A new Australian study finds that children of parents who set consistent rules (about behaviours like TV viewing, dinner time and physical activity) have a slightly lower body-mass index [BMI]; they're healthier.
The study at the Murdoch Children's Research Institute in Melbourne involved more than 4,000 children and their parents who participated in a long-term study of Australian children. Starting in 2004 when the children were 4 or 5 years old, parents reported their offspring's height and weight and described their parenting styles four different times every two years.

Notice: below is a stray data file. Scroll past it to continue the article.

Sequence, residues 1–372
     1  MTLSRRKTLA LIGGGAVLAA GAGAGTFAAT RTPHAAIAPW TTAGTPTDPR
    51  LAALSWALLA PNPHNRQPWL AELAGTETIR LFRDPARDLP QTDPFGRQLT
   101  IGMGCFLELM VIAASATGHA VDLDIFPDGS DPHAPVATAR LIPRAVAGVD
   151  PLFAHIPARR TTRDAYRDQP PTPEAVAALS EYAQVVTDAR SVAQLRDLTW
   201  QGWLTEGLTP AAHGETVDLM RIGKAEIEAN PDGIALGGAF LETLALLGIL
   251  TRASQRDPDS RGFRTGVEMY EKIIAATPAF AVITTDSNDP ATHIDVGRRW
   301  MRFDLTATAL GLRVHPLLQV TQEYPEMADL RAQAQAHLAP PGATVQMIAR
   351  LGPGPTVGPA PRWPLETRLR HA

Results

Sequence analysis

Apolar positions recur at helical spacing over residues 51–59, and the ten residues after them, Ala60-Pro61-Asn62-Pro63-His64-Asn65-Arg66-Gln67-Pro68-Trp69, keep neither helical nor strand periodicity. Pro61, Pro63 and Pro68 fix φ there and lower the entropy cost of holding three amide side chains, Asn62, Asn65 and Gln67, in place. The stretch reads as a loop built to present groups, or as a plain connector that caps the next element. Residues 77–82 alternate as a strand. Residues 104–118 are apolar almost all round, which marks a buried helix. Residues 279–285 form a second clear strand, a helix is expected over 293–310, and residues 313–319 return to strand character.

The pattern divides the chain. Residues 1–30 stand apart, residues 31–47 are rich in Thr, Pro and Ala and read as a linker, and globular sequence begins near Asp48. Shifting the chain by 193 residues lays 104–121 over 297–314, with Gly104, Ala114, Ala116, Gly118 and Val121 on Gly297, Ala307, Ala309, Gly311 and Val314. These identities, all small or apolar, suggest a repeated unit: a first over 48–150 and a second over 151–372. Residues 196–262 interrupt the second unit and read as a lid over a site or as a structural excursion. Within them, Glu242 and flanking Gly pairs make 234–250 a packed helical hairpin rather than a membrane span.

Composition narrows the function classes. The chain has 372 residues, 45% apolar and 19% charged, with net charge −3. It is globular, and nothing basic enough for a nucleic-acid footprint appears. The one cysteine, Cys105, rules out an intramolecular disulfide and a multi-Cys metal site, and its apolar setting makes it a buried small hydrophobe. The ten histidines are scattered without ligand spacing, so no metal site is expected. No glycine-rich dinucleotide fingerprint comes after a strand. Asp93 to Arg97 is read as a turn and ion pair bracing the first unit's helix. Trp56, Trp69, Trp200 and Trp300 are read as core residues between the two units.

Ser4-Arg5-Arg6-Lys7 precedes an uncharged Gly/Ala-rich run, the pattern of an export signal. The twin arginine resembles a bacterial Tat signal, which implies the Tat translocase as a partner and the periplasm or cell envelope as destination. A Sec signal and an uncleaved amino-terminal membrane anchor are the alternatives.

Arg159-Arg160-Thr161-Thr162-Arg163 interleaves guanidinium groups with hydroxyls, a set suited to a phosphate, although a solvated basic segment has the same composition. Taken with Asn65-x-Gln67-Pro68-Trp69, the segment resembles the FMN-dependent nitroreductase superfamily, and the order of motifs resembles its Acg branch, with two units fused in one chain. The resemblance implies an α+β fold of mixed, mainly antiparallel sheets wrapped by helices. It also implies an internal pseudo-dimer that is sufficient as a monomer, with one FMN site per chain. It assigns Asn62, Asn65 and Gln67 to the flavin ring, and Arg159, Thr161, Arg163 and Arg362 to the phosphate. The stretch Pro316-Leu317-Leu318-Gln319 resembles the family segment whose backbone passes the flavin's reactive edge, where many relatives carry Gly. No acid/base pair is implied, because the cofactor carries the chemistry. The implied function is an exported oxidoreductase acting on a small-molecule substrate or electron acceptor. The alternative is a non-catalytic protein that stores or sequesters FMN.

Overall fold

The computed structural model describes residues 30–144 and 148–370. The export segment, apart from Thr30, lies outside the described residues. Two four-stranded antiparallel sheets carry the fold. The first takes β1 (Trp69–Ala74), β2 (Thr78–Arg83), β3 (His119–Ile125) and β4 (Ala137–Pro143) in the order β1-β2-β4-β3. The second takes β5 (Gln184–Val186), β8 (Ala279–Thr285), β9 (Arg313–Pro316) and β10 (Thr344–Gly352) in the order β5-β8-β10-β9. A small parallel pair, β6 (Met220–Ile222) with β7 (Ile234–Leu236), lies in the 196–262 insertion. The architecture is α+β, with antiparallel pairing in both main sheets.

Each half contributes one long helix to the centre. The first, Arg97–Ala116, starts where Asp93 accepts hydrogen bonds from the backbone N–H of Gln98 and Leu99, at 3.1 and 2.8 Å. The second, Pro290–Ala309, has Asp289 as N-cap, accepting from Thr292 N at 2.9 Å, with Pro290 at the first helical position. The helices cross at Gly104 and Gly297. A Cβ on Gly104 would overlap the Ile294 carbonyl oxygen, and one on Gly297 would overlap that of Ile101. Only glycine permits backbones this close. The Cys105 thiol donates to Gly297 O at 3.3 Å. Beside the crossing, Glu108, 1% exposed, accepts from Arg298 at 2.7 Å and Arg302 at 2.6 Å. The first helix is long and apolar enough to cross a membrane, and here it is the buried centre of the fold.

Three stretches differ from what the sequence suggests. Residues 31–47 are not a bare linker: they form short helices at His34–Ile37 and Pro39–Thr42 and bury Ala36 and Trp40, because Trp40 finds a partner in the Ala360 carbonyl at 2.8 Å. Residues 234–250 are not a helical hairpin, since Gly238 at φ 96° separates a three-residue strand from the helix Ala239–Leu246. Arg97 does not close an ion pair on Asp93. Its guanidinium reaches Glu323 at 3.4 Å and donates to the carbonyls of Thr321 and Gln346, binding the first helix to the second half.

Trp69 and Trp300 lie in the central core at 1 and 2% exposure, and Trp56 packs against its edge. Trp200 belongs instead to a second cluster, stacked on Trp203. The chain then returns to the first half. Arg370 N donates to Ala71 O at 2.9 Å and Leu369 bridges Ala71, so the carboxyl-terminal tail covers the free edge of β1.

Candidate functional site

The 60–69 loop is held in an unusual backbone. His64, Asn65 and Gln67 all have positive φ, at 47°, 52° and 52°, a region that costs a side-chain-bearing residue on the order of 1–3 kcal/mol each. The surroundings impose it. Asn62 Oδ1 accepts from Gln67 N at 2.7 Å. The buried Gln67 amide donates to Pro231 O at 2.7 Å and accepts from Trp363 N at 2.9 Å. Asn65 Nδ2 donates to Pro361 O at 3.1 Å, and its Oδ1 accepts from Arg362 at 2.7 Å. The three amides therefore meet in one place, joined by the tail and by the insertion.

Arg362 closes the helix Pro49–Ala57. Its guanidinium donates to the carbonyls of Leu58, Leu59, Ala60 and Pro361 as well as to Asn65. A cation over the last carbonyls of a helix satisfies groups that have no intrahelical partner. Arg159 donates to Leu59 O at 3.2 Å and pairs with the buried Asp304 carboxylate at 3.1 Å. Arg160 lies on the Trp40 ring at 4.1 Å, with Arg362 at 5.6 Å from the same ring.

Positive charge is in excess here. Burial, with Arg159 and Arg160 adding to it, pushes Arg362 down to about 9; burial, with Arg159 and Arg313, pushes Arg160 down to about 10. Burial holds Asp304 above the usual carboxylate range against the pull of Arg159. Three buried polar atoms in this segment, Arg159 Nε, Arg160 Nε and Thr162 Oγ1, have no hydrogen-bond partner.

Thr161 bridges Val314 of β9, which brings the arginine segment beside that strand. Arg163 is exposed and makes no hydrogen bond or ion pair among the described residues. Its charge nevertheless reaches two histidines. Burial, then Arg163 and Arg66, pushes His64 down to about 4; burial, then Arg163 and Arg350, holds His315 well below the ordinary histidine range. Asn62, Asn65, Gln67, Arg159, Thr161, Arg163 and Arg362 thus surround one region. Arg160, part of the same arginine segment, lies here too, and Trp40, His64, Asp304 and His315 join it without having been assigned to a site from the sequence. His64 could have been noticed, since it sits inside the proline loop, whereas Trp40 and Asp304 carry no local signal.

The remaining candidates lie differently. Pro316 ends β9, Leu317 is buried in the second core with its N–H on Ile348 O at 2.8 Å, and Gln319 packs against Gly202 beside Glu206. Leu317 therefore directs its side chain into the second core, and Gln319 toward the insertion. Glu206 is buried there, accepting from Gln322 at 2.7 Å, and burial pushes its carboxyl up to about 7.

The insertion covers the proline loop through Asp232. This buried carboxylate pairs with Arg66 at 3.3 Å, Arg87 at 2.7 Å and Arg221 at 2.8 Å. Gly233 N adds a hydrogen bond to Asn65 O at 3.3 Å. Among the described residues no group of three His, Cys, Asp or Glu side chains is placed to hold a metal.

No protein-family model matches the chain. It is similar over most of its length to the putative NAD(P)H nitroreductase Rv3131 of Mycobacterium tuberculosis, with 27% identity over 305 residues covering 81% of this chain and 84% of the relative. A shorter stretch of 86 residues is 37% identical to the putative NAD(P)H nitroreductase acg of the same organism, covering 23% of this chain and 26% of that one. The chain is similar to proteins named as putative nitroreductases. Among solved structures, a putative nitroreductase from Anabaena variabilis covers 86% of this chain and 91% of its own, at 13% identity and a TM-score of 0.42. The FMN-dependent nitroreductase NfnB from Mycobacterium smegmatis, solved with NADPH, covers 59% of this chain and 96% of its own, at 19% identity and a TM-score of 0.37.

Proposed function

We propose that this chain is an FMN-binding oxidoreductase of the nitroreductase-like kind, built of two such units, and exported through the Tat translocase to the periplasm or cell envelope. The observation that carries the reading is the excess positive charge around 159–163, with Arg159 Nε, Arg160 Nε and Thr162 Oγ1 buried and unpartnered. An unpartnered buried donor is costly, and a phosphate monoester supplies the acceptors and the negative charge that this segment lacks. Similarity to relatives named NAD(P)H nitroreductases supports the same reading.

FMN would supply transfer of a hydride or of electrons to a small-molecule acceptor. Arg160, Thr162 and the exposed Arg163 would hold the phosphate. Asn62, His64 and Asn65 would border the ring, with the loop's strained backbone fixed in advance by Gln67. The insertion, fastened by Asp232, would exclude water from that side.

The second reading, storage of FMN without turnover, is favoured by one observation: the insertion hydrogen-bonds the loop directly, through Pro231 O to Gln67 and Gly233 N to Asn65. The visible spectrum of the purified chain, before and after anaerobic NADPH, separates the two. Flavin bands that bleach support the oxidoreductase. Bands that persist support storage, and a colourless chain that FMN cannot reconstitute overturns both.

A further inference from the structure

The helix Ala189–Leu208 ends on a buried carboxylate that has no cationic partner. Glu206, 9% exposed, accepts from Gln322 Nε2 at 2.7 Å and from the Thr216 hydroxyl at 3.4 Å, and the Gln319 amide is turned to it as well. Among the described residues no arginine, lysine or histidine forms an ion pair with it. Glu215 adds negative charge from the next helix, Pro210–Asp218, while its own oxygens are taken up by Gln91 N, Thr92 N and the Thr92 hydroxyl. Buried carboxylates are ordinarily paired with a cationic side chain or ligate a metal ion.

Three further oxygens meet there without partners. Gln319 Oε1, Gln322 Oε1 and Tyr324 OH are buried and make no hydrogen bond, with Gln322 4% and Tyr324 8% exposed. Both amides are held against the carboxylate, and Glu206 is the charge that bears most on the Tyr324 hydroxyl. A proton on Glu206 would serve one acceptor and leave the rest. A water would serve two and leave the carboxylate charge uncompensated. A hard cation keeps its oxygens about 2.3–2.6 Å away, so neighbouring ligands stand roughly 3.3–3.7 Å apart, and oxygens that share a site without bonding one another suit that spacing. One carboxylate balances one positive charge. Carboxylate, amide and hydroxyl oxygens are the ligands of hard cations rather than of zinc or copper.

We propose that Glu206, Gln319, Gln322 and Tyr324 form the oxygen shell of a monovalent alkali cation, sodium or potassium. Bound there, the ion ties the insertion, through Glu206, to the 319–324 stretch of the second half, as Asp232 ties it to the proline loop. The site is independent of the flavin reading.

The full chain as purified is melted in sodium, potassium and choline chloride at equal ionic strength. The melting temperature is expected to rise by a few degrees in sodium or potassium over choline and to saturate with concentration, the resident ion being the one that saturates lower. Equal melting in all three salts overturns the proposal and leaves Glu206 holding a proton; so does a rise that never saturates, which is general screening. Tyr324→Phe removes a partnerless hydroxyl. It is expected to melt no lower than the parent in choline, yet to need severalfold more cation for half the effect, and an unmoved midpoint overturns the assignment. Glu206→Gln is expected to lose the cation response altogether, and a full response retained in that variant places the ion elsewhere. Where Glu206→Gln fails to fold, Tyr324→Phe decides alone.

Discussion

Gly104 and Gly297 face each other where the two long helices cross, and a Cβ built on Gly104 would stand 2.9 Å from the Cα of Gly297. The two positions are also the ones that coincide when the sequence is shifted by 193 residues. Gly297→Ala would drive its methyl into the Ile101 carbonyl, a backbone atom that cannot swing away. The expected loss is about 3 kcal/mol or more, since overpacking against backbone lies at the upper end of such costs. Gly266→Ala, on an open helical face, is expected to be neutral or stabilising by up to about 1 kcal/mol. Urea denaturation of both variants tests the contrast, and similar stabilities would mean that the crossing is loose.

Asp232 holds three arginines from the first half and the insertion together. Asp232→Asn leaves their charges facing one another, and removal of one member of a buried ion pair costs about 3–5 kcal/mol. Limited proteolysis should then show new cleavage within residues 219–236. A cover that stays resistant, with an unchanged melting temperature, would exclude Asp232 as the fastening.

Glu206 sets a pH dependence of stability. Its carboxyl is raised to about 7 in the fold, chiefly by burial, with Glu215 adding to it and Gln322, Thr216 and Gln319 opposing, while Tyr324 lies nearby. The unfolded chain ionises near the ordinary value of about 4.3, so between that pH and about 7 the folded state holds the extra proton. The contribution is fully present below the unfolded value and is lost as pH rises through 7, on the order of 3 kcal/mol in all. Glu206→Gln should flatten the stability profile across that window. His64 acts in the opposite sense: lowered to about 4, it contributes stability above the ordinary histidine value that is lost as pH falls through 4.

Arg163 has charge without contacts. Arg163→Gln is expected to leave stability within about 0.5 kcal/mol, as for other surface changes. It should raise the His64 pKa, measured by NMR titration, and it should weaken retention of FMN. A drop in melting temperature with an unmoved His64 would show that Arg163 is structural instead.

Both mothers and fathers who enforced clear guidelines had a similar effect on their children's weight -- regardless of their own weight. The researchers found an association between consistent parenting and healthy weights in children. They suggest that the programs aimed at helping children reach a healthy weight should include the aspect of parenting styles.
The new study is published online in the recent edition of the journal Pediatrics.
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